I am a doctoral student at the University of Notre Dame, where I study Indigenous and Black Royalism during Colombia’s independence process. I focus on understanding the reasons to fight against the republic, and the lasting consequences faced by inhabitants of royalist bastions through the consolidation of the Republic. The exclusion of these territories from the national foundational myth contributed to abandonment and neglectfulness through the 19th century, and I hope my work will help explain this phenomenon. I am originally from Santander, Colombia and received my B.A. in History from Hillsdale College, in Michigan. Growing up in Colombia made me aware of the economic disparity and strict social distinctions that shape every interaction in the country. The roots of these constructions intrigue me, especially as they pertain my main research interest and show Colombia’s uniqueness for studying this topic when compared to other neighboring countries.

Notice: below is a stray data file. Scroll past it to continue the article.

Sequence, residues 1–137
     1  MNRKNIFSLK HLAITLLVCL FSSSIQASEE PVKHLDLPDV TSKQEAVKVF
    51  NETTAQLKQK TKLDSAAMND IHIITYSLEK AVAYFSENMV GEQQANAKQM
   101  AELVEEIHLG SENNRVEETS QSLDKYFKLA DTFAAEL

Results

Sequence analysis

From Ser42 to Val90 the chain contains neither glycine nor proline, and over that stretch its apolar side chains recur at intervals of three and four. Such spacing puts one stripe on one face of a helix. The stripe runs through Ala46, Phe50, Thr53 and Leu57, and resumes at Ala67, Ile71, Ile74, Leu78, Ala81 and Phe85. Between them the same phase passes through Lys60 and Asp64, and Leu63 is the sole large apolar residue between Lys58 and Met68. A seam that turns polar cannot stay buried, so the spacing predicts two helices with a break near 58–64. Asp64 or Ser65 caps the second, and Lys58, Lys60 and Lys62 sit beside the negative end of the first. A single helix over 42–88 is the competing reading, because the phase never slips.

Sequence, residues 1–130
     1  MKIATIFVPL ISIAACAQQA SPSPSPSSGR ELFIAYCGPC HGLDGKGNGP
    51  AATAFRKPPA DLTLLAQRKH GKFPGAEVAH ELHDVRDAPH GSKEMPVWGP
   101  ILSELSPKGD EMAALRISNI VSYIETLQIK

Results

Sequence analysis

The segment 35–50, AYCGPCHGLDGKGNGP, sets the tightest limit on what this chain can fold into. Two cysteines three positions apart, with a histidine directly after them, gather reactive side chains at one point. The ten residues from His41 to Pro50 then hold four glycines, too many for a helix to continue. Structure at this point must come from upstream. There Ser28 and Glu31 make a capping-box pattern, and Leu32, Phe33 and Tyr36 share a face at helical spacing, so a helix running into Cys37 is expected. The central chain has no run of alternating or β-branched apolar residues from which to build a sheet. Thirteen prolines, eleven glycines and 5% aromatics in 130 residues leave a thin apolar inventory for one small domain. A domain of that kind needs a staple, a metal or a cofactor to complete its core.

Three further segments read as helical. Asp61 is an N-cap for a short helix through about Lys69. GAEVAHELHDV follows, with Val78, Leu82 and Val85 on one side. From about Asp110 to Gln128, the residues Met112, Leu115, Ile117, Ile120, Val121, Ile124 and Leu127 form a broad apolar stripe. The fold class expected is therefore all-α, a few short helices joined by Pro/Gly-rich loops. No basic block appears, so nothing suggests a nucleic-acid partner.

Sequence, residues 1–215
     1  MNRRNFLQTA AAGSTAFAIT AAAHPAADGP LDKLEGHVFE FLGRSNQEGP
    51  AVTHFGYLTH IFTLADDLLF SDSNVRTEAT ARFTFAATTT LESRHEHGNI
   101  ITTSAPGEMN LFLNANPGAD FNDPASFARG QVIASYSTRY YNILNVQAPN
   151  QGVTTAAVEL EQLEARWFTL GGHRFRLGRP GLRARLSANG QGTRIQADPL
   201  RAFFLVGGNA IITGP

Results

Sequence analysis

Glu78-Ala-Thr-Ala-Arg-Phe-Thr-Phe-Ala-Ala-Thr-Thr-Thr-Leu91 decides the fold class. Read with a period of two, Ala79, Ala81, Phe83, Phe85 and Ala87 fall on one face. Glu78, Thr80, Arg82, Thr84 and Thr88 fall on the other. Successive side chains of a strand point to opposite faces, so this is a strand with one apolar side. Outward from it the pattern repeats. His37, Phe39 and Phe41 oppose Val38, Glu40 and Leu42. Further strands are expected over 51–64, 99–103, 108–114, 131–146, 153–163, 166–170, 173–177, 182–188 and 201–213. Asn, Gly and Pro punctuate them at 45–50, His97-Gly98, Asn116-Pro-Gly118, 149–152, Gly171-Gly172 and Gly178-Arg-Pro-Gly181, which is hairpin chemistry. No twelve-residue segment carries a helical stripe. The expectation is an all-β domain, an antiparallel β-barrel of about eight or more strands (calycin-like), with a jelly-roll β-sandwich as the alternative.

Racial and Religious Self-Governance in the Spanish Atlantic World with Historian Karen Graubart
Mar 14, 2023
Interviewed by Kellogg PhD Fellows Aitor Valdesogo and Juan Vargas, historian Karen Graubart, who is a Kellogg Institute faculty fellow, introduces her recently published book, "Republics of Difference: Religious and Racial Self-Governance in the Spanish Atlantic World" (Oxford University Press, 2022). The result of more than 15 years of research, this book explores the mechanisms of self-governance that racialized and/or non-Christian communities put into practice in 15th-century Seville and 16th-17th century Lima.
Kellogg Institute Announces New Podcast Series
Feb 21, 2023
As it celebrates its 40th anniversary, the Kellogg Institute for International Studies has found another new way to disseminate information on the research of its scholars: podcasting.